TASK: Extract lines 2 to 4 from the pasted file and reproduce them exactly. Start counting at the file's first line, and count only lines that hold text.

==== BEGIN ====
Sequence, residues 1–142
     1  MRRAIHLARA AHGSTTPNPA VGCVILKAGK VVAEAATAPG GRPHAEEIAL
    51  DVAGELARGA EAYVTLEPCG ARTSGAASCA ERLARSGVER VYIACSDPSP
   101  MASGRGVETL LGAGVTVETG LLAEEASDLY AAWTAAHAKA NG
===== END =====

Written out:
     1  MRRAIHLARA AHGSTTPNPA VGCVILKAGK VVAEAATAPG GRPHAEEIAL
    51  DVAGELARGA EAYVTLEPCG ARTSGAASCA ERLARSGVER VYIACSDPSP
   101  MASGRGVETL LGAGVTVETG LLAEEASDLY AAWTAAHAKA NG